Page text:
Monday, September 10, 2007

Stem Cell Snippets: Drooping Support, Farmland, Goldstein's Views and CIRM Scholar

Declining Support for Stem Cell Research –- The Pew Forum for Religion and Public Life has released a public opinion poll that shows weakening support for stem cell research, dropping from 57 percent two years ago to 51 percent in August this year. It also showed that 55 percent of the public had heard little or nothing about stem cell research. The polling question involving support used the phrasing "destroying potential life." The results certainly would have been more negative if the word "potential" had been omitted. "Destroying life" is how many opponents view the issue. The "take-home" point? Support for human embryonic stem cell research is fragile and can easily be undermined by events ranging from a dubious experiment or result or perceived misconduct by those funding stem cell research.

ISSCR and Farmland –- Jesse Reynolds of the Center for Genetics and Society comments critically on the involvement of the International Society for Stem Cell Research in a land development proposal that also proposes the creation of a stem cell research nonprofit. You can read it here.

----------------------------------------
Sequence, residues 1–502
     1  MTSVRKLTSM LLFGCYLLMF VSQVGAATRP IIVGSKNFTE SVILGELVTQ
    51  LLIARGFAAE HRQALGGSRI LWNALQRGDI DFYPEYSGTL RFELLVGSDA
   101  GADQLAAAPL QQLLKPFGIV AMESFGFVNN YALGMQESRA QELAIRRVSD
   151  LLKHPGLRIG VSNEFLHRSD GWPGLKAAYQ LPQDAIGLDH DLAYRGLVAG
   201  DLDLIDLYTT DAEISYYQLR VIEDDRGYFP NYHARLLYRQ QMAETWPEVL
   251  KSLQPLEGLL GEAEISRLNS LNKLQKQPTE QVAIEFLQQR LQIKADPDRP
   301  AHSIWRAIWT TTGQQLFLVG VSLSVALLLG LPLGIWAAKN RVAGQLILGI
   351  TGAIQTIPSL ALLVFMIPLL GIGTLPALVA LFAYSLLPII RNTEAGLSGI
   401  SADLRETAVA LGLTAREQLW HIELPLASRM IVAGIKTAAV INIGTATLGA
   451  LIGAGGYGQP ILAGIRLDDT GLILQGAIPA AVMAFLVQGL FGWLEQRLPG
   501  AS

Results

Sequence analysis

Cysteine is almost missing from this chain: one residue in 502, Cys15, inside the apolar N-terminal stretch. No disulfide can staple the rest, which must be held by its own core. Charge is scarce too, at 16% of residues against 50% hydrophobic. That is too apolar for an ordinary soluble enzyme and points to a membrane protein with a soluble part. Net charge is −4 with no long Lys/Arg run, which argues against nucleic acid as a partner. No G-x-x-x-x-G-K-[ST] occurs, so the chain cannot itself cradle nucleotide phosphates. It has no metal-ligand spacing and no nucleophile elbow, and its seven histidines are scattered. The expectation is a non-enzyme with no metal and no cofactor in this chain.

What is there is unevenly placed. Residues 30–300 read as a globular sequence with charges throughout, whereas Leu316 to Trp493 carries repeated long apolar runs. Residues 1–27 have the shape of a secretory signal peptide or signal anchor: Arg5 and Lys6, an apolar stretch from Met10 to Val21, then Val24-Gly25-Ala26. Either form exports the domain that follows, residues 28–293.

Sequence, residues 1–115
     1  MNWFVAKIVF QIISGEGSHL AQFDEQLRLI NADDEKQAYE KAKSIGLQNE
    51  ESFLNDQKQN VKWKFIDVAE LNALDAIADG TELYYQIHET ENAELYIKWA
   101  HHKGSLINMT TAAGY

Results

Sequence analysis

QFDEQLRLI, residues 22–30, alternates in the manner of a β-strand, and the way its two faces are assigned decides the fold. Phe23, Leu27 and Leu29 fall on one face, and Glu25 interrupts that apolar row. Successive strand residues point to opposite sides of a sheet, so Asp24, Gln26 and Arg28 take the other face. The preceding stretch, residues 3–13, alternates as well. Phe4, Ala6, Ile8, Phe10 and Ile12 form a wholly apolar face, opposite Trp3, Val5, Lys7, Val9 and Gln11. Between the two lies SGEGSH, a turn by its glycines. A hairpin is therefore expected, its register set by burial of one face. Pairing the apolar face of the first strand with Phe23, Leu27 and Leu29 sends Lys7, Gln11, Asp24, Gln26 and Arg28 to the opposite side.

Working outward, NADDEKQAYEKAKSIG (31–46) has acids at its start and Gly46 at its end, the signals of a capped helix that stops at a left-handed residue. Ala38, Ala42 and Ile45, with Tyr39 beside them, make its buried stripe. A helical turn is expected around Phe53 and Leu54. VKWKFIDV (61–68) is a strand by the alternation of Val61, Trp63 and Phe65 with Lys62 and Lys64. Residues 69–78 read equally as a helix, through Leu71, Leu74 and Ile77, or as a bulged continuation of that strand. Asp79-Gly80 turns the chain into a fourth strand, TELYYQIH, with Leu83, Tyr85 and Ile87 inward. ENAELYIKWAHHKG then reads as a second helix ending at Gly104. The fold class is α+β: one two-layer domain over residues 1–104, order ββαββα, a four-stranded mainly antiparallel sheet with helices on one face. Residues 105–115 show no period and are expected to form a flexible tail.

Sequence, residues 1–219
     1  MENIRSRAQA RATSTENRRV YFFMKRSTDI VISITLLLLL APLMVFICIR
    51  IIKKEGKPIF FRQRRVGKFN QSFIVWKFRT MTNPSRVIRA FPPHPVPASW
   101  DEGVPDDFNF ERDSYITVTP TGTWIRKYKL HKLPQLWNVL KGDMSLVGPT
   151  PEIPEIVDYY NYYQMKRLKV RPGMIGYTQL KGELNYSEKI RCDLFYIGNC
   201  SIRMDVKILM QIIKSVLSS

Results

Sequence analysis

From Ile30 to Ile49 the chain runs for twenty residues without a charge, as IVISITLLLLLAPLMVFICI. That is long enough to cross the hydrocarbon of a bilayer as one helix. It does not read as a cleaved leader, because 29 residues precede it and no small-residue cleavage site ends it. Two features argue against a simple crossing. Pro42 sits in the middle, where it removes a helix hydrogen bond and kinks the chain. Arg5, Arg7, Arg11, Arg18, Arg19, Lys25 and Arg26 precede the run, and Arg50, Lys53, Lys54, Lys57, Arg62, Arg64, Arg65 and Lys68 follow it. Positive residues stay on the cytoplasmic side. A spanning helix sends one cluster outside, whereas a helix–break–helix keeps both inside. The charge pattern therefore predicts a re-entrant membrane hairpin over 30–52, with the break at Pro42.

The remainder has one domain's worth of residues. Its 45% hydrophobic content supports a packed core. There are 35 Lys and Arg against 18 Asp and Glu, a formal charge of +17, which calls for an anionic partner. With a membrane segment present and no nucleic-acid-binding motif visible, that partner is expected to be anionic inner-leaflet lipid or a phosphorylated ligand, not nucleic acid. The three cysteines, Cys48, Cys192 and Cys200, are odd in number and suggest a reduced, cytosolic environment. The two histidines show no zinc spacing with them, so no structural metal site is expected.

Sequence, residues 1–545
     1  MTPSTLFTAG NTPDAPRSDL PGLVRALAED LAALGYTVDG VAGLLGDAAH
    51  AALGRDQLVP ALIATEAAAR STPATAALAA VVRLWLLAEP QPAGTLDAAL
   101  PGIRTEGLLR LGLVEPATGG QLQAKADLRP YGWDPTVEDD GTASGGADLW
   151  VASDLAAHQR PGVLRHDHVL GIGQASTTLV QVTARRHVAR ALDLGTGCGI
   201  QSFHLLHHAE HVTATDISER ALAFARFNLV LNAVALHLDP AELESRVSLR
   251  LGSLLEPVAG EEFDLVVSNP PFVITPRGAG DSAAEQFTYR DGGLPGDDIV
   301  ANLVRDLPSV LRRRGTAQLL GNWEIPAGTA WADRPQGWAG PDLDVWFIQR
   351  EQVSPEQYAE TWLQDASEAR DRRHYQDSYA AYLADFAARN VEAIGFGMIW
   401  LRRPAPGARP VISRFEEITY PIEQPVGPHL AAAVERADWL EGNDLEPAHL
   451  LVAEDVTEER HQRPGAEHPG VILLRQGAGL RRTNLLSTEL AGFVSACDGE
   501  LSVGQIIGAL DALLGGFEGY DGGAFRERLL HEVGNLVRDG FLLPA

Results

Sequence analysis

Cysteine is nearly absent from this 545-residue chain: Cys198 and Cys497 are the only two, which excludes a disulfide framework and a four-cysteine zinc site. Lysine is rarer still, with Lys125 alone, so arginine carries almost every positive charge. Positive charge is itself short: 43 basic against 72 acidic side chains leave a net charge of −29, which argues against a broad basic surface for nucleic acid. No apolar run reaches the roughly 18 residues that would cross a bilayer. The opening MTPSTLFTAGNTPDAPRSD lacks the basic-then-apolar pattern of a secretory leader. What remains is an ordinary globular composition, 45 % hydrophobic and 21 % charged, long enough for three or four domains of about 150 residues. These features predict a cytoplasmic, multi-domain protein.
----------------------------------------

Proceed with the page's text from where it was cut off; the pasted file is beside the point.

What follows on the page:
Stem Cells After Bush -- Lawrence Goldstein, director of stem cell research at the University of California at San Diego, was quoted on CNN concerning the future of federal funding for stem cell research after Bush. He said. "Personally, I think it's a mistake for the scientific community to assume anything about what the likely policy will be of a government that doesn't yet exist." He also said, "I would not build a business plan based on the assumption there will be federal funding for stem cell research." The article largely covered the perspective from business on stem cell research.

CIRM Scholar – A recent cover story in Nature magazine featured research by a CIRM scholar, Laura Elias at the University of California, San Francisco. She led a neural stem cell study that revealed a mechanism that may play a role in cancer. Elias is a neuroscience graduate student in the lab of senior author Arnold Kriegstein, director of UCSF Institute for Regeneration Medicine.

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